Gardening for the Million eBook

This eBook from the Gutenberg Project consists of approximately 262 pages of information about Gardening for the Million.

Cacalia.—­Hardy annuals, remarkable for their awkward-looking stems and discoloured leaves.  They grow best in a mixture of sandy loam, brick rubbish, and decomposed dung, well reduced.  They require very little water while growing, and the pots must be well drained.  Cuttings, laid by for a few days to dry, strike readily.  Flower in June.  Height, 1-1/2 ft.

Cactus.—­A sandy loam with brick rubbish and a little peat or rotten manure suits them.  Echinopsis is a good plant for cool houses or windows.  During the summer it should be syringed over-head with tepid water, and weak soot water should be given three times a week.  It is propagated by off-sets planted in sand, also by slicing off a portion from the top of the plant and placing it in light, rich, porous loam.

Caladiums.—­Favourite hothouse foliage plants, generally grown in peat soil at a temperature of 70 degrees.  They require plenty of light while growing, and to be kept moderately moist at the roots.  As the leaves lose colour less water should be given, and during winter they must be kept almost dry.  When fresh growth begins, shake them out of their pots and put them into fresh mould.  In syringing the plants use nothing but the purest rainwater, but the less the leaves are wetted the better for the appearance of the plants.  They may be increased by dividing the root stock into as many pieces as there are crowns.  These should be planted in very rich, sandy soil, an inch or so below the surface.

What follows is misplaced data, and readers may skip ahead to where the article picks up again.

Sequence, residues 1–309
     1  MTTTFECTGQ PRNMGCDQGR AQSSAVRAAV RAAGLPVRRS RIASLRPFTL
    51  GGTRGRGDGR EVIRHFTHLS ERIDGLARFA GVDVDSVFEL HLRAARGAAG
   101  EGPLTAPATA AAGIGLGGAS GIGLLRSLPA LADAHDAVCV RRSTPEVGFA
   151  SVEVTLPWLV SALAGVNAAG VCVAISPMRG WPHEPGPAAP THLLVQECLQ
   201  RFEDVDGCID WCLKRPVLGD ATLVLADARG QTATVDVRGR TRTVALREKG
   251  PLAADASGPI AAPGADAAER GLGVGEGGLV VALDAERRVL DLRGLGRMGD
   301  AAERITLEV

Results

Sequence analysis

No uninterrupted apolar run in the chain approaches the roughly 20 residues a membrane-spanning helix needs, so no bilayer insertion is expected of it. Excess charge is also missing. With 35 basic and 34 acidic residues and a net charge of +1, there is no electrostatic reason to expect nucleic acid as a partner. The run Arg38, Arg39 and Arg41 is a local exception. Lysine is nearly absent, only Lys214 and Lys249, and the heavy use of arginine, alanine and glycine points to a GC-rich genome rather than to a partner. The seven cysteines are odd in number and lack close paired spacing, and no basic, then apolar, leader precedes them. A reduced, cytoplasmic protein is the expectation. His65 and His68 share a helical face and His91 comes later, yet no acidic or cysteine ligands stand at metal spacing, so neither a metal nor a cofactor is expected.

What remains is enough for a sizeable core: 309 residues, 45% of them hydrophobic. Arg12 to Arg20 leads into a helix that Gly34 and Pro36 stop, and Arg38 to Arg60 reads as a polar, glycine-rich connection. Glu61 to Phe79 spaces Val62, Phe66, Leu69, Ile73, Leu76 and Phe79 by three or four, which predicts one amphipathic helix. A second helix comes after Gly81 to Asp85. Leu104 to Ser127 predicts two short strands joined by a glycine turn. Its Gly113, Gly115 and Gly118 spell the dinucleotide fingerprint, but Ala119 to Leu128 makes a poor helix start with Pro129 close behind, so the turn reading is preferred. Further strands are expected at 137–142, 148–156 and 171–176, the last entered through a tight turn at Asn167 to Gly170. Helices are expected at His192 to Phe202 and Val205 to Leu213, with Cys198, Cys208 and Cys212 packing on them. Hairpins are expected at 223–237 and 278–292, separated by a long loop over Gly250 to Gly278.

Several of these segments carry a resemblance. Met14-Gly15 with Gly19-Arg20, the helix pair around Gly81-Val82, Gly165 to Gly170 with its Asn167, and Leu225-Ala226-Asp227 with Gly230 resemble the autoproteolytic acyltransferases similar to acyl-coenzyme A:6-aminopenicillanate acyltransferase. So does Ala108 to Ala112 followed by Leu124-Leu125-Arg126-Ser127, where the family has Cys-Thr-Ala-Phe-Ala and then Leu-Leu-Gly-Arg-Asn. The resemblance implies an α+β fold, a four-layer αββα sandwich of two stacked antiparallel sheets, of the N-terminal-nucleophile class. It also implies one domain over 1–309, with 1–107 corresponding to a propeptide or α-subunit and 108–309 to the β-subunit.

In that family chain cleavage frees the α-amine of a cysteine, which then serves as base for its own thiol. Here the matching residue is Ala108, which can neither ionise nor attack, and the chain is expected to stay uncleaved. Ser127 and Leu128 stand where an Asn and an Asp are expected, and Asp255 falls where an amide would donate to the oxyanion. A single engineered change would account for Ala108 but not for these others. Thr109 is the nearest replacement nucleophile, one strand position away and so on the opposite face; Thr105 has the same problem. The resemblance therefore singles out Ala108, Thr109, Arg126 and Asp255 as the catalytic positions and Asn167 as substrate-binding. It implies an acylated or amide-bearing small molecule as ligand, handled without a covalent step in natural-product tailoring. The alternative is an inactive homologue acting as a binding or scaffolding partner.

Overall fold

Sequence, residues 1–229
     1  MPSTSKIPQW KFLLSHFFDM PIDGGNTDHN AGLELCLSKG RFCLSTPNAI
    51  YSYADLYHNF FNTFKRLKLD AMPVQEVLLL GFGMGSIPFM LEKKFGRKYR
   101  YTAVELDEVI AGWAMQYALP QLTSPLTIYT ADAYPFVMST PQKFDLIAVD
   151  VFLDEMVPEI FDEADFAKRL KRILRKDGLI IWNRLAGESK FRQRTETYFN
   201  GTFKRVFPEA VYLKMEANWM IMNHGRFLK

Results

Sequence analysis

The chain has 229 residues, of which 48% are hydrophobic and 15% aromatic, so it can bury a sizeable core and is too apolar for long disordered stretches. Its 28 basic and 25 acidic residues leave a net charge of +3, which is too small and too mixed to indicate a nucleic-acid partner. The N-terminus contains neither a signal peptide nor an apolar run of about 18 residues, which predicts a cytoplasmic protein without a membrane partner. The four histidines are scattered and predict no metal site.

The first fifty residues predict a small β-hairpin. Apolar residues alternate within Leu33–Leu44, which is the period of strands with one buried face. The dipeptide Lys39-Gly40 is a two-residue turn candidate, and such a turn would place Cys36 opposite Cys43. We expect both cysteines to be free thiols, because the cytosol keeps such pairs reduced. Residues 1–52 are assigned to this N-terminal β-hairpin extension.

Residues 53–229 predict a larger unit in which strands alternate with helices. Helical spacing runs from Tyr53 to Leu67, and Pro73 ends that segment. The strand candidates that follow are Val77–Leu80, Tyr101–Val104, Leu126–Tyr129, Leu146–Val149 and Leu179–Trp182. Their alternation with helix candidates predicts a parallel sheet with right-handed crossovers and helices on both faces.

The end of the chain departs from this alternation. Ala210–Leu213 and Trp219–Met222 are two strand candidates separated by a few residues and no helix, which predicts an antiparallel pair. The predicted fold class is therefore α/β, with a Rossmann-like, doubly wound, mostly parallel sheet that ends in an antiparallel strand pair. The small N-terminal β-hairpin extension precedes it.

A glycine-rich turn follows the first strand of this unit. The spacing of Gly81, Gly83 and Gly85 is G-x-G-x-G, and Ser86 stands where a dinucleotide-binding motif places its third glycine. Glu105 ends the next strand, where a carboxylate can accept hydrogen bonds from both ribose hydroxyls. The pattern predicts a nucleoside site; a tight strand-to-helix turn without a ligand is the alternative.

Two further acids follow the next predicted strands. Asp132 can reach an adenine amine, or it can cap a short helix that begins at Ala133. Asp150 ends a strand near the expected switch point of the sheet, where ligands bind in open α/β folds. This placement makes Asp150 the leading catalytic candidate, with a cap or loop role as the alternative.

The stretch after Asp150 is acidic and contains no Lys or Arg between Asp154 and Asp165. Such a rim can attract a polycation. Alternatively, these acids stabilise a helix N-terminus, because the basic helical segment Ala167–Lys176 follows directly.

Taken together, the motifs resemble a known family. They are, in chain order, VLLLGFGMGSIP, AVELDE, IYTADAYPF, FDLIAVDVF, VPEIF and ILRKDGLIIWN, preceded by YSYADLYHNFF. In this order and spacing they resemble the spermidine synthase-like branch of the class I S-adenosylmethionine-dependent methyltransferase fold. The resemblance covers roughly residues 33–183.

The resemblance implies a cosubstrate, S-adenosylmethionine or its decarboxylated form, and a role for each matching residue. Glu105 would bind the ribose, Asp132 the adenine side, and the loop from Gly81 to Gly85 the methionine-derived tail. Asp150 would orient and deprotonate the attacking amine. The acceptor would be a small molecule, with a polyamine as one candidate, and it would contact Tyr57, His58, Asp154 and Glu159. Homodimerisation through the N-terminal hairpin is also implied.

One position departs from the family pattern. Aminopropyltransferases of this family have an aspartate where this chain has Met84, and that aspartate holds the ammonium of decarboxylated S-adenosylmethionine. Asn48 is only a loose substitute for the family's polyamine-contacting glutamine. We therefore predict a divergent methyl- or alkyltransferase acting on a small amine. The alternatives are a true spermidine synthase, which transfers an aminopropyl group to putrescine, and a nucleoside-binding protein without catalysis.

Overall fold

Calamintha Grandiflora.—­This hardy herbaceous plant has sweetly-fragrant foliage, and bears rose-coloured flowers from May to September.  Any loamy soil suits it, and it is easily increased by suckers.  Height, 1 ft.

Calampelis.—­A species of half-hardy climbing plants of great merit.  They are elegant when in flower, and will endure the open air.  They should be trained to a south wall, or over a vase, or up a pillar.  Any light loamy soil suits them, and they are easily increased by cuttings.  Flower in July.  Height, 10 ft. (See also “Eccremocarpus.”)

Calandrinia.—­Very pretty hardy annuals.  They grow well in sunny places in a mixture of loam and peat, and may be raised from seed sown in the spring or by cuttings placed under hand-glasses.  Bloom in July.  Height, 6 in. to 1 ft.

Calceolaria.—­Many of the varieties are suitable for the greenhouse only.  They may be grown from seed, but as this is so small it should not be covered; and in watering them it is best to stand the seed-pans in water so that the moisture ascends, as watering from the top might wash the seed too deeply into the soil.  July and August are the two best months for sowing.  The half-shrubby kinds make fine bedding plants.  They are easily reared from cuttings.  These are best taken in October.  Put them in light, sandy mould on a well-drained north border; press the earth round them, and cover with a hand-glass.  In very frosty weather a mat should be laid over the glass.  Pot them off in spring; give plenty of air, and plant them out at the beginning of June, or before, if weather permits.

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Gardening for the Million from Project Gutenberg. Public domain.
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